Translation - Japanese: CCG チャージ スルー ドングル (CTD) - KBA216840 - Community Translated (JA)
What is a USB Type-C charge-through dongle (CTD)?
Enabling a multifunction dongle with charge-through support is one of the major achievements of USB Type-C. Through a single USB Type-C port, one can have USB3.0 data, DisplayPort video, and enough power for most systems. Charge-through dongles are a particularly convenient as they can operate both on host power and via the power supplied via an external USB Type-C charger.
Figure 1: Charge-Through Dongle Block Diagram
Charge-through dongles will have one or two additional port namely USB 3.0 and/or Display. This system cannot have more than one USB 3.0 port because in the absence of the external Type-C charger, the notebook power is not sufficient for more than one USB 3.0 port. The Display port can be DisplayPort or HDMI/DVI/VGA. However, in the case of an HDMI/DVI/VGA port, the system will require a DP-to-HDMI/DVI/VGA protocol convertor.
Power flow in the system
Case 1: External USB Type-C charger not connected
The power source is from the notebook (typically 5 V/1.5 A), which is sufficient for one USB3.0 downstream port and a display (DisplayPort/HDMI/DVI/VGA) port. The charge-through dongle system cannot support more than one USB3.0 data downstream port due to insufficient power from the notebook (host). The power delivery (PD) controller on the Type-C plug will act as a sink for power
Case 2: External USB Type-C charger connected
The power source is from the external charger. Some part of the power is allocated to the CTD system (including the USB3.0 and display port) and the remaining power is delivered to the notebook. The PD controller on the Type-C plug will act as a source for power.
Power loss issue in USB PD2.0
One tricky case that the USB Power Delivery 2.0 spec does not cover is as follows:
When an external Type-C charger is attached to the CTD, the CTD takes power from the charger to enable whatever external ports are available on the CTD, and passes the remainder to the host. In the event of a disconnect of the external charger, there is no longer any power available for the external ports, potentially resulting in data loss. The host will detect a disconnect event due to loss of power on the VBUS and will start sourcing VBUS to the CTD because the PD controller on the Type-C plug will act as a sink for power after the external charger was disconnected. This VBUS turn-around time is long enough for the power to cycle on the external device is a particularly poor user experience, because the user never detached the accessory or the external device, and yet it is reset. There is no easy solution to the power loss issue as per the USB Power Delivery 2.0 specification. A standard power role swap is far too slow to be used in such an emergency situation because there would have to be enough capacitance on the device to hold up the external power until the swap is completed.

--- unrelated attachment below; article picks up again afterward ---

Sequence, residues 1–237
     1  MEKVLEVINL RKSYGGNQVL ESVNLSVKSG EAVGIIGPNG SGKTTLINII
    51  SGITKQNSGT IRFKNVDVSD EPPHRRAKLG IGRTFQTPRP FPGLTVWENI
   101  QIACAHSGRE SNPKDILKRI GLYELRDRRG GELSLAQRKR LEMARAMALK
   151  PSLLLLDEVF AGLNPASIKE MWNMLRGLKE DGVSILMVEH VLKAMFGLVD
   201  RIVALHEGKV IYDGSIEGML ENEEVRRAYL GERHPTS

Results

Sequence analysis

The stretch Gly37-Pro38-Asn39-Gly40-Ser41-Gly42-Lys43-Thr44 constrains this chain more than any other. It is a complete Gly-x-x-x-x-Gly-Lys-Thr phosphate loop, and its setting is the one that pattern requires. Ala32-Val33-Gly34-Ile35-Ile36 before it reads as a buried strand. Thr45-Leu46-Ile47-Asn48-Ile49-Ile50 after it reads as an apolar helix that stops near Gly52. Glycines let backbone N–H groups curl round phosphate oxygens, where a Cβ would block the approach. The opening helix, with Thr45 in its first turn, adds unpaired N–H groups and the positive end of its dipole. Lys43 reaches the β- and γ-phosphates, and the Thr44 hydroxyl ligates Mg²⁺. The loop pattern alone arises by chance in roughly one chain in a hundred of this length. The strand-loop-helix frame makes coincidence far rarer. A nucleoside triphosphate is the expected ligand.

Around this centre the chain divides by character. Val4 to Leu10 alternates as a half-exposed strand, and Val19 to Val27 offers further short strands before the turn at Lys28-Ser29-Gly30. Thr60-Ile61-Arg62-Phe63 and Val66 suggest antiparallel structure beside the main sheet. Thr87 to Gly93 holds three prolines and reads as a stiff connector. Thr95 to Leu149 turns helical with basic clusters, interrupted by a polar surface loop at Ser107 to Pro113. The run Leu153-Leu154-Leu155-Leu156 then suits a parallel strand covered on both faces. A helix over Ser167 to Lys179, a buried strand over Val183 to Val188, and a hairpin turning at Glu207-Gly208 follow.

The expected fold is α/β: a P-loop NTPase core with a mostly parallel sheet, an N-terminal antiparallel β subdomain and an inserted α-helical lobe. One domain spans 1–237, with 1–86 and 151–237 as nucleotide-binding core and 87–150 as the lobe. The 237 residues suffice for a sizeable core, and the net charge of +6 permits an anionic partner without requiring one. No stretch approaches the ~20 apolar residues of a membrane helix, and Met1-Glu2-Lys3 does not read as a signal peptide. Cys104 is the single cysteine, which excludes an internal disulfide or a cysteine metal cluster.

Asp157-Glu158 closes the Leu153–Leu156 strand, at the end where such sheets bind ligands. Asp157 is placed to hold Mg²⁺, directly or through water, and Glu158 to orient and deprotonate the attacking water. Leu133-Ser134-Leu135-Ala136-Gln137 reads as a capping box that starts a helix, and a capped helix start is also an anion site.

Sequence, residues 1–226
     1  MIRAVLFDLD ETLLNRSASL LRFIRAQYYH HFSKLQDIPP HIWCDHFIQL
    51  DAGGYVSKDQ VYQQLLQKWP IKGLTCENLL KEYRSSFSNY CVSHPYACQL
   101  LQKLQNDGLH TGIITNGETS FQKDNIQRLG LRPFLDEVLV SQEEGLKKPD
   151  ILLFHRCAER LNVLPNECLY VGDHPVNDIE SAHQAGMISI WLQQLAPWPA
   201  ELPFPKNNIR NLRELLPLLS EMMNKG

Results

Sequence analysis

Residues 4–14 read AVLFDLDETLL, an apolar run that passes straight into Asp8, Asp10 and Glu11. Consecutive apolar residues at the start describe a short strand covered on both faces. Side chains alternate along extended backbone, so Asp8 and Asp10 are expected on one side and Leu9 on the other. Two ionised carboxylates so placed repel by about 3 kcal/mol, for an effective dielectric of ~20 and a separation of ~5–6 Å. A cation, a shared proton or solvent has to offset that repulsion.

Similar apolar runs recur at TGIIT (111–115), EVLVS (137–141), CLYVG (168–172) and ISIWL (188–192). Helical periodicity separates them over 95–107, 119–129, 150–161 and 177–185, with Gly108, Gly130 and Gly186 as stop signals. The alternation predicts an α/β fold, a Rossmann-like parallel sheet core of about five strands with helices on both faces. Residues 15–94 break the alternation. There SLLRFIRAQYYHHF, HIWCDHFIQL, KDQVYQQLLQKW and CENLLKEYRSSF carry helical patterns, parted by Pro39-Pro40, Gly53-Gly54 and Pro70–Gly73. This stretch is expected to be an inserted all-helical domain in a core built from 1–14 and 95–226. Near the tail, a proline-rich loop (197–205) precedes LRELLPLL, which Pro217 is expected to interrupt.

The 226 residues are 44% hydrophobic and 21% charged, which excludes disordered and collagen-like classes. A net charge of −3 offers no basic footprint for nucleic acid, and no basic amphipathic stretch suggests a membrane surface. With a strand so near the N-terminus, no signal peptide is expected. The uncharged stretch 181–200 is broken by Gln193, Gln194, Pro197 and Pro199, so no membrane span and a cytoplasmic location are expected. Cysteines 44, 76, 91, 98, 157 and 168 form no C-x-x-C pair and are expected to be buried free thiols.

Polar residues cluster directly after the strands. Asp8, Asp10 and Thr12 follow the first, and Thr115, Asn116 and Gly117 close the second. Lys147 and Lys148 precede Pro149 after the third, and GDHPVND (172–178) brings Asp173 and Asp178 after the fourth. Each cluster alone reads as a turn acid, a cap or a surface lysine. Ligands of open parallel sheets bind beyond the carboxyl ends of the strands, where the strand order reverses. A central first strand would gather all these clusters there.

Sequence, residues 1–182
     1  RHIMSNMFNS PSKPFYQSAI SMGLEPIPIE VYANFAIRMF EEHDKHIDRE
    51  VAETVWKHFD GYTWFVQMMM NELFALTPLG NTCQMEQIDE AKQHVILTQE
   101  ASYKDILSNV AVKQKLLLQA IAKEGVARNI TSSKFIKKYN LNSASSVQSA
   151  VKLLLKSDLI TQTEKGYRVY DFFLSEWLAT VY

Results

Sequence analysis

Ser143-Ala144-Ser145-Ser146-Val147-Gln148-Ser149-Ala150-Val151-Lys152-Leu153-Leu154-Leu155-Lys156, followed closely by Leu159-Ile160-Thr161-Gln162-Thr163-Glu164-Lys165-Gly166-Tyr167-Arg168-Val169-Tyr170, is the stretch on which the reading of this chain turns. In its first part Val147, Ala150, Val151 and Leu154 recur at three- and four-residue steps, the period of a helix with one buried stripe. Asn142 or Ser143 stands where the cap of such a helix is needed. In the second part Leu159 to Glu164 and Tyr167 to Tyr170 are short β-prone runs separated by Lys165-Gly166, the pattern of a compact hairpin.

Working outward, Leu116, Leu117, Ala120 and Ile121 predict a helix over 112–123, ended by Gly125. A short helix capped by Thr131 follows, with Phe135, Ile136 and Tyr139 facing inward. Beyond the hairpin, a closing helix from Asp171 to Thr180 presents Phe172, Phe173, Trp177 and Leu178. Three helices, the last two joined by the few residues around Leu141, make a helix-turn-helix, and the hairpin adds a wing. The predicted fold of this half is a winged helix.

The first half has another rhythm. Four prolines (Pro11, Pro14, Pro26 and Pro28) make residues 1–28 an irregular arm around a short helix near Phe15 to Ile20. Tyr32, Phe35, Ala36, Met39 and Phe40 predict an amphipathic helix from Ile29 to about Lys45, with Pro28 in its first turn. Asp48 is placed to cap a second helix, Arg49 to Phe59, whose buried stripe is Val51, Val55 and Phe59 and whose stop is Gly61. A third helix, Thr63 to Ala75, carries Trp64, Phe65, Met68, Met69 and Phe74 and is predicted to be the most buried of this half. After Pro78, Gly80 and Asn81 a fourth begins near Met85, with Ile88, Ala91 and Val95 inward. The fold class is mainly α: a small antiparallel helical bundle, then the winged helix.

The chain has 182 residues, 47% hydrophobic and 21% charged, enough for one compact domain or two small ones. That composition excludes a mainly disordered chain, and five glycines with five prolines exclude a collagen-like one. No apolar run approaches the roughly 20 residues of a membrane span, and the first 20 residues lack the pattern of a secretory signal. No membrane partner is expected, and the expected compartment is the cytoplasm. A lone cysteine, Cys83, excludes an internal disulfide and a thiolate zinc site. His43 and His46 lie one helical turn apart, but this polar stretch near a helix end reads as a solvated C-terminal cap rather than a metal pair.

Power loss issue resolution in USB PD3.0
USB Power Delivery 3.0 spec implements a standard way to perform an emergency quickswap known as Fast Role Swap (FR_Swap) to restore power to the CTD within a well-defined time after charger disconnection or failure. Fast Role Swap is a process of exchanging the Source and Sink roles between Port Partners rapidly due to the disconnection of an external power supply. CTD can then be designed with a minimized amount of capacitance to maintain power. As the emergency Fast Role Swap is followed up by proper PD messaging to resolve the state, Fast Role Swap is intended to complement, not replace the normal power role swap.
For more details, see USB Power Delivery spec 3.0, section 6.3.17 and section 7.3.15.
Cypress’s USB PD 3.0 solution
The EZ-PD™ CCG3/CCG4 fully supports the latest Power Delivery 3.0 specification, especially the Fast Role Swap feature. Fast Role Swap enables an externally powered dongle to rapidly switch to bus power when their external power supply is removed. This solution is designed to be fully interoperable with revision 3.0 of the USB Power Delivery specification as well as revision 2.0 of the USB Power Delivery specification.
Cypress has developed CCG3-based Charge-Through Dongle reference design that will enable customers to speed up their design and development cycle. More details about the reference design can be found: